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Those close to Len Barrie say he is likely to throw in the towel on his one-year run as co-owner of the NHL's Tampa Bay Lightning next Saturday, clearing the way for (sparring) partner Oren Koules to take over.

Under the agreement worked out by NHL commissioner Gary Bettman when it became apparent Barrie and Koules could no longer co-exist, Barrie was given until the end of September to put together a deal to buy out Koules. If he failed, then Koules would get a chance to buy out Barrie.

Neither Barrie nor Koules is talking, as Bettman issued one of his infamous gag orders. But a person with knowledge of how the buyout agreement was set up confirmed the reason Barrie was allowed to go first is because no one thinks he can pull it off.

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If he can't, then Bettman can say: "Len, you had your chance and now we'll turn things over to Oren." If Koules went first and was successful, Barrie could have claimed he was not given a fair chance.

Soon all that will be left is the question of how a league that supposedly put in new, tough due-diligence procedures with the arrival of the Lightning co-owners last year did not see anything wrong with someone whose net worth was tied up in a real estate gamble.

It looks as if Barrie has to drop out before his September deadline because he is fighting to save that gamble - a massive development near Victoria called Bear Mountain.

Like many real estate developers, Barrie and his 17 investors - who include current and former NHL players such as Mike Vernon, Gary Roberts, Joe Nieuwendyk, Ray Whitney, Rob Blake, Ryan Smyth, Sean Burke, Rob Niedermayer, Scott Mellanby, Matt Pettinger and Trevor Kidd - were whipsawed by falling prices and the drying up of bank credit.

Some of those investors are angry and some are not, but they all have two things in common: They are not talking about it and all fervently hope Barrie can pull a rabbit out of his hat. He needs to work out a new financing deal on the 500-hectare development that includes two golf courses, a resort, hotel and as many as 5,000 condominiums, townhouses and residential lots.

No doubt some were concerned when Vernon, who is one of the largest investors, sold his custom-built Calgary house this week for a city-record $10.3-million. Vernon would not comment on the sale, but one of his friends said it had nothing to do with any problems with Bear Mountain.

The B.C. project was going well until last October, when the worst of the recession hit. Suddenly, housing sales dried up and the value of the project dropped. Even worse, Barrie's bankers got nervous about the big loans that came up for renewal this year.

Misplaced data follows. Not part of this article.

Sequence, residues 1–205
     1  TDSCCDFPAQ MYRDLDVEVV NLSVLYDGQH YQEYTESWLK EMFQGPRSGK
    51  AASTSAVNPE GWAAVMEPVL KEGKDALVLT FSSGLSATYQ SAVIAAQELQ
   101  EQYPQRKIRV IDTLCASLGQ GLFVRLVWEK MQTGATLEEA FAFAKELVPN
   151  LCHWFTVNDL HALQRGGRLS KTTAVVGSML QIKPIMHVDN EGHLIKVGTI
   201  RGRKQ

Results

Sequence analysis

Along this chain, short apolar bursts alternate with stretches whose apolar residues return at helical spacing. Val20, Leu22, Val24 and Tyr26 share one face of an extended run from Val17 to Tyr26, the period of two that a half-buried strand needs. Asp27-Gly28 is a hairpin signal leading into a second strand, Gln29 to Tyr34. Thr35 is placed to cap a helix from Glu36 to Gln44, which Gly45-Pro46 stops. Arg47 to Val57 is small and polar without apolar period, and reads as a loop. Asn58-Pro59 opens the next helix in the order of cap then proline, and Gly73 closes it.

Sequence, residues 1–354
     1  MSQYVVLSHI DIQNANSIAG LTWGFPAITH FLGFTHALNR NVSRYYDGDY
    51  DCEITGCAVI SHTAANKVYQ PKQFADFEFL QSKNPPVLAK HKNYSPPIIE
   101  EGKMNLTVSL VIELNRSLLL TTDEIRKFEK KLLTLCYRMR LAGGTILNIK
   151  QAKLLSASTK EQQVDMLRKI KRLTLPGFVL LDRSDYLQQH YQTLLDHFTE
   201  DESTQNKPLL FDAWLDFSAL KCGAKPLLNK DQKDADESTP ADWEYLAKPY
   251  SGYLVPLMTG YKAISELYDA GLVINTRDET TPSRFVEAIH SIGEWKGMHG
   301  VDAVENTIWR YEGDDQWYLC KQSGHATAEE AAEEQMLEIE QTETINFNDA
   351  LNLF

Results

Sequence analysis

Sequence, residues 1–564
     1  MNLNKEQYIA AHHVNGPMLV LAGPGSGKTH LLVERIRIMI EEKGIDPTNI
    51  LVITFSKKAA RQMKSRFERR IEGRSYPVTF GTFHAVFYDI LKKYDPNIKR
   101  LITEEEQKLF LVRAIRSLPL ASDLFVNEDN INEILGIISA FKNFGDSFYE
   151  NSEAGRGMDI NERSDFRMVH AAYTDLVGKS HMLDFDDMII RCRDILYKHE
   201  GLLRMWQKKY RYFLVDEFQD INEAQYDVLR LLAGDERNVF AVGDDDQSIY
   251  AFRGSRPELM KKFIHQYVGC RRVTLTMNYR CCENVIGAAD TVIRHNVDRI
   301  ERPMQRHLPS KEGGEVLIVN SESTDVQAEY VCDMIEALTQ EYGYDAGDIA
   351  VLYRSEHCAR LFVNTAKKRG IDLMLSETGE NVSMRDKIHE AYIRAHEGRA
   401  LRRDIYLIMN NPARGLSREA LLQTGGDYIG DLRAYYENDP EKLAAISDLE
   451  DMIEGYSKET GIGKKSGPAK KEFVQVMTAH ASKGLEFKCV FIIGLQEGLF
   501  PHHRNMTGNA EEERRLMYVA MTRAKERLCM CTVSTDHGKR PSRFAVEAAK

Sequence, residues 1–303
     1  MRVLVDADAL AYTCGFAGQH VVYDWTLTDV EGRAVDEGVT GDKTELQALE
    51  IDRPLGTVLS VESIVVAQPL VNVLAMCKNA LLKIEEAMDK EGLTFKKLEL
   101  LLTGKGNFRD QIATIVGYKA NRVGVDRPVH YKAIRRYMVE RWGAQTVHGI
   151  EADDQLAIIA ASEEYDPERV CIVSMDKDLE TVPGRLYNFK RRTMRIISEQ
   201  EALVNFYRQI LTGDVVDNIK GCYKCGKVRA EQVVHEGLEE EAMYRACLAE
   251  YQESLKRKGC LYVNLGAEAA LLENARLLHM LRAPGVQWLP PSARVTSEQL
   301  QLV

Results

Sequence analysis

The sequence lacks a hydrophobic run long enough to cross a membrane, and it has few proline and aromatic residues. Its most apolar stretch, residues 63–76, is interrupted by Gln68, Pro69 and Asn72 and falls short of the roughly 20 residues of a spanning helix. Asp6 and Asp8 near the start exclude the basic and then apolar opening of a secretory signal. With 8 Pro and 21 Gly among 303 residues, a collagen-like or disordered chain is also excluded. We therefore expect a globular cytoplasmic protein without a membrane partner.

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Barrie did announce recently that he closed a deal worth $350-million with Siraj Capital Ltd., an investment company based in Dubai. The deal involves a sukuk, which is a hybrid of a conventional bond and a share commonly used by Islamic investors because their religion forbids interest payments.

Under this arrangement, Siraj Capital gets control of the residential side of the Bear Mountain project for what amounts to a $350-million loan with stiff terms. Once Barrie has the homes sold (about 1,200 have been sold so far), Siraj Capital will get its money back plus the Islamic version of interest, plus a 25-per-cent equity stake in the development.

But even this depends on Siraj being able to raise the $350-million by selling units in a weak market. If the units cannot be sold by the first week of October, the deal will likely die.

The reason all of the Bear Mountain investors are keeping quiet, even the unhappy ones, is that none of them want any negative vibrations to kill the Siraj Capital deal. They see it as the only hope of getting their money back, let alone making a profit.

If successful, it may also go a long way to soothing Barrie's major lender, HSBC. Apparently the bank wants to be repaid a lot quicker than Barrie thinks is manageable (say two years versus five or more) and it wants higher fees than Barrie is willing to pay.

But not everything is gloomy. Once Bear Mountain dropped its prices by 20 per cent or so, the condos started selling again. Since the spring, 200 units were sold, although they have a long way to go. Construction prices have dipped too, which makes selling homes easier.

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Barrie has his friends and his detractors but most agree he has the gift of the gab. Everyone hopes it will be enough to save his money.

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About the Author
Hockey columnist

A native of Wainfleet, Ont., David Shoalts joined The Globe in 1984 after working at the Calgary Herald, Calgary Sun and Toronto Sun. He graduated in 1978 from Conestoga College and also attended the University of Waterloo. More

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